This is perhaps the most unusual way to pass parameters in PowerShell. It involves creating an array or hash table to pass the parameters as a group to the function. This allows you to dynamically create the parameters throughout your script and then call the function when you're ready.

        Example:
            function foo
            {
              Param($param1,$param2)
              Write-Host $param1 $param2
            }

            Create Hash table
            $blah = @{"Param1"="This is parameter 1";
            "Param2"="This is parameter 2"}

            # Pass hash table to function
            foo @Blah

PowerShell parameter attributes

  • Mandatory -- PowerShell parameters are optional by default, but if you have a parameter that you know is required you can use this attribute to force users to pass the parameter. If they do not pass the parameter, PowerShell will let them know they did something wrong and force them to provide a value for the function to work properly.

        Example:
            function foo
            {
              Param(
                [Parameter(Mandatory=$True)]
                $param1
              )
              Write-Host $param1
            }

  • ParameterSetName -- We often need to pass a group of parameters together (usually because otherwise something will break). For example, if you had a function that retrieved an Active Directory object, you'd need to know if it was a user or a computer account:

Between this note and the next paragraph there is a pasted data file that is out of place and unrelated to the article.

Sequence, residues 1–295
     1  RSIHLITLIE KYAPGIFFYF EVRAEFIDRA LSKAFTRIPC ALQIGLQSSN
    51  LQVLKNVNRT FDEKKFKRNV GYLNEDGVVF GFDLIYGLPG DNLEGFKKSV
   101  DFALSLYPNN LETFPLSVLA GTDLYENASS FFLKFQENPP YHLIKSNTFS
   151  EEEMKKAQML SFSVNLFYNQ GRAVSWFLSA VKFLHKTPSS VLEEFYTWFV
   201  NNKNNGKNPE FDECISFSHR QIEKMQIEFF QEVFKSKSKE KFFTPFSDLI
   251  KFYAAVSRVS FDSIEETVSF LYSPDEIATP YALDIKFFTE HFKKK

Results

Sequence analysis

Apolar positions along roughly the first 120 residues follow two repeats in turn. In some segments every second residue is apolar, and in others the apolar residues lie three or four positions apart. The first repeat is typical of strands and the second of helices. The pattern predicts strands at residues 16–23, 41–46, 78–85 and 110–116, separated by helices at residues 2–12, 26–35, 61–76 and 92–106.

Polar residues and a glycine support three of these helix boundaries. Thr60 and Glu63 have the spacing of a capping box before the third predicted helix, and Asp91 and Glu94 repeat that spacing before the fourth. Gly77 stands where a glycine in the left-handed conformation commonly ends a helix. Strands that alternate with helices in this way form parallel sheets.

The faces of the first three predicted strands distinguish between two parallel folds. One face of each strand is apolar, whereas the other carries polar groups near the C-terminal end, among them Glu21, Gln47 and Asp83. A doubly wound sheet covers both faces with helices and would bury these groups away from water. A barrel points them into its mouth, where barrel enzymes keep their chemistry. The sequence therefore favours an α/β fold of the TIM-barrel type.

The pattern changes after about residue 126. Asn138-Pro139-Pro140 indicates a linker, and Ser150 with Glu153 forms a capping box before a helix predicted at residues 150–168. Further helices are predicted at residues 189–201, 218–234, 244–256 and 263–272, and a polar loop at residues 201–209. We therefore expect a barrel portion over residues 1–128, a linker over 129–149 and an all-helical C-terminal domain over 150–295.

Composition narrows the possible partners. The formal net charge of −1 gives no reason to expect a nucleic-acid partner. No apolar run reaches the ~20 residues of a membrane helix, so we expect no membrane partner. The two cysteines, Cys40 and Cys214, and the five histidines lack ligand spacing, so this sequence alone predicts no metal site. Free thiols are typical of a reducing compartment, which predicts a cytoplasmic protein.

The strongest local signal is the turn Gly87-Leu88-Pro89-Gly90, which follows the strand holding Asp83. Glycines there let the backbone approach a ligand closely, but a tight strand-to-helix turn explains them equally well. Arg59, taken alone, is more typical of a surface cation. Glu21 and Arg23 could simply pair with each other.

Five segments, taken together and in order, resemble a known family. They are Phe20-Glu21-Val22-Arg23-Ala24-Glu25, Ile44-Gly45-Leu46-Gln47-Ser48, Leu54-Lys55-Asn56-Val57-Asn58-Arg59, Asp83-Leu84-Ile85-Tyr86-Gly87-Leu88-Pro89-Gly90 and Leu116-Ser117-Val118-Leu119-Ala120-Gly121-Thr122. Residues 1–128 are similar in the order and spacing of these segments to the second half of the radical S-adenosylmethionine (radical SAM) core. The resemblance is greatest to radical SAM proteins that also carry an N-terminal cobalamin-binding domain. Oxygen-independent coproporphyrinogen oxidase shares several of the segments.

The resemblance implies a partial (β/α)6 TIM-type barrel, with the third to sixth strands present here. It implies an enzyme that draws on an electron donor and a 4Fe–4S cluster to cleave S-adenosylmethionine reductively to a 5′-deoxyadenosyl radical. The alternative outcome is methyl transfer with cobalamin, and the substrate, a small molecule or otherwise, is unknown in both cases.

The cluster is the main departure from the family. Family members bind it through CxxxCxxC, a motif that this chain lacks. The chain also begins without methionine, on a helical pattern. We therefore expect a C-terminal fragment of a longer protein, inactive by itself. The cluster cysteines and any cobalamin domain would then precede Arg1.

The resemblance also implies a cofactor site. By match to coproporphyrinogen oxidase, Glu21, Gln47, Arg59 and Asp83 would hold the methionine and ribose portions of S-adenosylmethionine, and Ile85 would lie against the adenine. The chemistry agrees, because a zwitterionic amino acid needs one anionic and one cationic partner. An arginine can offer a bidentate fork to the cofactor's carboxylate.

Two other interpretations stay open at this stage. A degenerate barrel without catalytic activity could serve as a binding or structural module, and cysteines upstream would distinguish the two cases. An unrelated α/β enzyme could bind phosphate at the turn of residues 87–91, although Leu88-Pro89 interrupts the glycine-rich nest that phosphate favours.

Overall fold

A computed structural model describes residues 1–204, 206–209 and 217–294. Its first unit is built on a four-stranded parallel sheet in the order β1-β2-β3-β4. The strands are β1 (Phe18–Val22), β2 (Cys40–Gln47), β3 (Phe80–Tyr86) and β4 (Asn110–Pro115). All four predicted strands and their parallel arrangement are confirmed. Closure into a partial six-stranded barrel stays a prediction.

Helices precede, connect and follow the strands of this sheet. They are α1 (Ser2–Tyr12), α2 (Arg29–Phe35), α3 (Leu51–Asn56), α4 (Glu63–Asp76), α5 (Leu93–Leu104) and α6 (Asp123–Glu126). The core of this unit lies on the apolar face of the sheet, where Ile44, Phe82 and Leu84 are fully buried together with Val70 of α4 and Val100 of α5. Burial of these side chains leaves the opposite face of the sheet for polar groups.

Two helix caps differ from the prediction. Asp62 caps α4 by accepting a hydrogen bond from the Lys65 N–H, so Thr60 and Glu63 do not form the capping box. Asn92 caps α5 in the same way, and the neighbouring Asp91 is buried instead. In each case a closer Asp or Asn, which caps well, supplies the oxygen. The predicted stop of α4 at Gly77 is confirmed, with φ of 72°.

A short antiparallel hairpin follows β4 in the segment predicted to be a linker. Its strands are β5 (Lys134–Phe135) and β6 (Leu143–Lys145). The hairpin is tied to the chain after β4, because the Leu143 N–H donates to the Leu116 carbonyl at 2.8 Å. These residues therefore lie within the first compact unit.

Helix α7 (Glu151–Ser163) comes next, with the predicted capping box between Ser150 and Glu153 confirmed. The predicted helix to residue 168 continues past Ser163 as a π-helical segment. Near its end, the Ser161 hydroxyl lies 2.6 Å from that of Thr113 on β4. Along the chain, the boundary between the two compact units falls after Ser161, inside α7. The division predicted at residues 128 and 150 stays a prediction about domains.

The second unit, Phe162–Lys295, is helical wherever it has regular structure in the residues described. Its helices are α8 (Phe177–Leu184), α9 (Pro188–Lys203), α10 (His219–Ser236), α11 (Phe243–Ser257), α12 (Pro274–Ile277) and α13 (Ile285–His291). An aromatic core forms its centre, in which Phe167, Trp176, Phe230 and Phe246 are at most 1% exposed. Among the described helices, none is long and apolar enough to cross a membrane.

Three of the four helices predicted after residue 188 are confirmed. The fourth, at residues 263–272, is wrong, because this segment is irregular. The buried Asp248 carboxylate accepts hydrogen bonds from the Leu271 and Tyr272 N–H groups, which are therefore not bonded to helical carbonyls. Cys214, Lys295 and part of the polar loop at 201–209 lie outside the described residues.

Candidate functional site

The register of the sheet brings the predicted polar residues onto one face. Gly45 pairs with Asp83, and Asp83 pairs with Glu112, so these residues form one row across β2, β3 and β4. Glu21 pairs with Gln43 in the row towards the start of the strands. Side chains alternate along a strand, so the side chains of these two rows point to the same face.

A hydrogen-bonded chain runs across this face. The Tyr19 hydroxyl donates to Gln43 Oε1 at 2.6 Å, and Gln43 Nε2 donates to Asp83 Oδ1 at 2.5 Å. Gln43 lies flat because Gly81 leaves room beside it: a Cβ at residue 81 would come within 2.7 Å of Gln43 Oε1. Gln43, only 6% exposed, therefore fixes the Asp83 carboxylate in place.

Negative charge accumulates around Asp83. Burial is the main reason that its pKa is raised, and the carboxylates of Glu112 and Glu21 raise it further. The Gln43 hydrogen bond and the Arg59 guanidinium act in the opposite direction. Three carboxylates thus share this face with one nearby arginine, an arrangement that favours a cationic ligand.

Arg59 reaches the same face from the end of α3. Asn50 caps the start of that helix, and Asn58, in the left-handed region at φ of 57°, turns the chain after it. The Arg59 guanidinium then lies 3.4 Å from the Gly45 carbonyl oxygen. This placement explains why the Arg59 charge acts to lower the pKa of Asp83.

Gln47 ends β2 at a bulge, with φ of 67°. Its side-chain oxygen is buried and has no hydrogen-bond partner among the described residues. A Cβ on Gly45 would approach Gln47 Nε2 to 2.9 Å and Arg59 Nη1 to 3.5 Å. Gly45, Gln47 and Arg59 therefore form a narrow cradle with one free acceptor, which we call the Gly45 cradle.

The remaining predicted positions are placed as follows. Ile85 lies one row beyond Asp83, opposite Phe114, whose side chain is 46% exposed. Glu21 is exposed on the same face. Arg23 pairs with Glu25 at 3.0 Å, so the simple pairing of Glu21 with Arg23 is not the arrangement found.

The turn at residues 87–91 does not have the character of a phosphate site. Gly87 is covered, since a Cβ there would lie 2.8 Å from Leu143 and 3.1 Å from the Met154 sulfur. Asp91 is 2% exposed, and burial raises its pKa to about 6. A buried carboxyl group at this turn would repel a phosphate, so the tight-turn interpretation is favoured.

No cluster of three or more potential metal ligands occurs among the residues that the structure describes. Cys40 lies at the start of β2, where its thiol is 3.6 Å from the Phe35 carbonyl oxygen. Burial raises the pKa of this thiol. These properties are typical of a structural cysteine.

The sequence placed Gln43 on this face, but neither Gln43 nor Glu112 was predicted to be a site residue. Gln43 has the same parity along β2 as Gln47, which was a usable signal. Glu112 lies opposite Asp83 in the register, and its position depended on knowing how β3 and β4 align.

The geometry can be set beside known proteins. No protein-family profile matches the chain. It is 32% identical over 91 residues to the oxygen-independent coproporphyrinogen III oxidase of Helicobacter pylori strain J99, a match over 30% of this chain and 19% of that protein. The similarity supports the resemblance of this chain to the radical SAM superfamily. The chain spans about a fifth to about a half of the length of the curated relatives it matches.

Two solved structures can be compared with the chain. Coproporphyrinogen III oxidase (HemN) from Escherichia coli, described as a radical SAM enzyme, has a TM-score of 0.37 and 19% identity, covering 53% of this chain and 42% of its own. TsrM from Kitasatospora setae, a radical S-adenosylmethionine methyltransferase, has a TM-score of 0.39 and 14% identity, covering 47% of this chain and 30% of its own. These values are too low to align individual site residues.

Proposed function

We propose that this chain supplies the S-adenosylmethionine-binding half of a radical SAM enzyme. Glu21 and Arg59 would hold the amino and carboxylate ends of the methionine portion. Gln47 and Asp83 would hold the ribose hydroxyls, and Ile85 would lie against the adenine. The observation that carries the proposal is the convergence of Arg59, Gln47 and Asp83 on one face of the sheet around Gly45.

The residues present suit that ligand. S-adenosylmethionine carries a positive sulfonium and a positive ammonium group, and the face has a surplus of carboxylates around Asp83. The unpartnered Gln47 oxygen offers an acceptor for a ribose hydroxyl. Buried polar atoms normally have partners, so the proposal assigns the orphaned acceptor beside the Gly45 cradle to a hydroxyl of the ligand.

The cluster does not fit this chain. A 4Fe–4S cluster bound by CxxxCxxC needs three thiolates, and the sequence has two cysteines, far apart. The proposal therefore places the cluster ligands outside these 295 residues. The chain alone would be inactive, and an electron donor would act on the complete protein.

function Get-ADObject
            {
              Param(
                [Parameter(Mandatory=$True,
                ParameterSetName="User")]
                $User,

                [Parameter(Mandatory=$True,
                ParameterSetName="Computer")]
                $Computer
              )
              $PScmdlet.ParameterSetName
            }

            Get-ADObject --# This will throw an error because no
                       parameters passed

            Get-ADObject –user "joe" # Will return 'User'
            Get-ADObject –Computer "joe" # Will return 'Computer'
            Get-ADObject –User "joe" –Computer "joe" # Will return
                       an error